Evaluating Impurities in Drugs (Part III of III) - Pharmaceutical Technology

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Evaluating Impurities in Drugs (Part III of III)
In Part III of a three-part article, the authors examine various degradation routes of APIs, impurities arising from interactions in formulations, metabolite impurities, various analytical methods to measure impuritie, and ways to control impurities.


Pharmaceutical Technology
Volume 36, Issue 4, pp. 76-86

Controlling and monitoring impurities in APIs and finished drug products is a crucial issue in drug development and manufacturing. Part I of this article, published in the February 2012 issue of Pharmaceutical Technology, discussed the various types of and sources of impurities with specific case studies (1). Part II, published in the March 2012 issue, examined chiral, polymorphic, and genotoxic impurities (2). In Part III, the authors examine various degradation routes of APIs, impurities arising from API–excipient interaction during formulation, metabolite impurities, various analytical methodologies to measure impurity levels, and ways to control impurities in pharmaceuticals.

Definition of impurity

The term impurity reflects unwanted chemicals that are present in APIs or that develop during formulation or upon aging of the API in the formulated drug product. The presence of such unwanted material, even in small amounts, could affect the efficacy and safety of pharmaceutical products. Several guidelines from the International Conference on Harmonization (ICH) address impurities in new drug substances, drug products, and residual solvents (3–6). As per the ICH guidelines on impurities in new drug products, impurities present below a 0.1% level do not need to be qualified unless the potential impurities are expected to be unusually potent or toxic (5). In all other cases, impurities should be qualified. If the impurities exceed the threshold limits and data are not available to qualify the proposed specification level, studies to obtain such data may be required. Several recent articles describe a designed approach and guidelines for isolation and identification of process-related impurities and degradation products using mass spectrometry, nuclear magnetic resonance (NMR) spectroscopy, high-performance liquid chromatography (HPLC), and Fourier transform infrared (FTIR) spectroscopy for pharmaceutical substances (7–9).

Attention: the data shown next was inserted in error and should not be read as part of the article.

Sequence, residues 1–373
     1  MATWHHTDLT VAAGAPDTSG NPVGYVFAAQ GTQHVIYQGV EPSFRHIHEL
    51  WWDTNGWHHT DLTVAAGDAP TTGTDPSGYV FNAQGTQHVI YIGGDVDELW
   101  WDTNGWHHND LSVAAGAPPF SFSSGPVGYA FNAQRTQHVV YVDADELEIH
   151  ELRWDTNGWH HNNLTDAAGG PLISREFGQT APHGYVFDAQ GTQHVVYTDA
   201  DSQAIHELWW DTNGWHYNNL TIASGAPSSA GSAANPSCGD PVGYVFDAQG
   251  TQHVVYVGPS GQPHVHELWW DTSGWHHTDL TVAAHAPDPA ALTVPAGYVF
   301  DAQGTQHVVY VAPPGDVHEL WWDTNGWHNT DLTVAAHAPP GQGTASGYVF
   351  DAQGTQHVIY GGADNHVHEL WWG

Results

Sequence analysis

Degradation-related impurities


Figure 1: Degradation of hydrochlorothiazide. (ALL FIGURES ARE COURTESY OF THE AUTHORS)
Degradation products are compounds produced by decomposition of the material of interest or active ingredient. Several impurities may result because of API degradation or other interaction on storage, so stability studies need to be conducted to ensure drug product safety (10). Hydrochlorothiazide (see Figure 1) is a classical example of a degradation impurity. It has a known degradation pathway through which it degrades to the starting material as disulfonamide in its synthesis.

Degradation products could result from the synthesis itself, storage, formulation of the dosage form, and aging (11). These degradation pathways are further discussed.

Synthesis-related impurities. Impurities in a drug substance or a new chemical entity originate mainly during the synthetic process from raw materials, solvents, intermediates, and byproducts. The raw materials are generally manufactured to much lower purity requirements than a drug substance, and thus, it is easy to understand why they can contain a number of components that can in turn affect the purity of the drug substance.


Figure 2: Reaction scheme for mirtazapine impurity. Ph. Eur is the European Pharmacopoeia. DMF is dimethylformamide. EtOAc is ethyl acetate.
1-Methyl-3-phenyl piperazine (see Figure 2) is present as an unreacted starting material that competes in all the stages eventually leading to the impurity keto-piperazine derivative of mirtazapine (see Impurity C, Figure 2).


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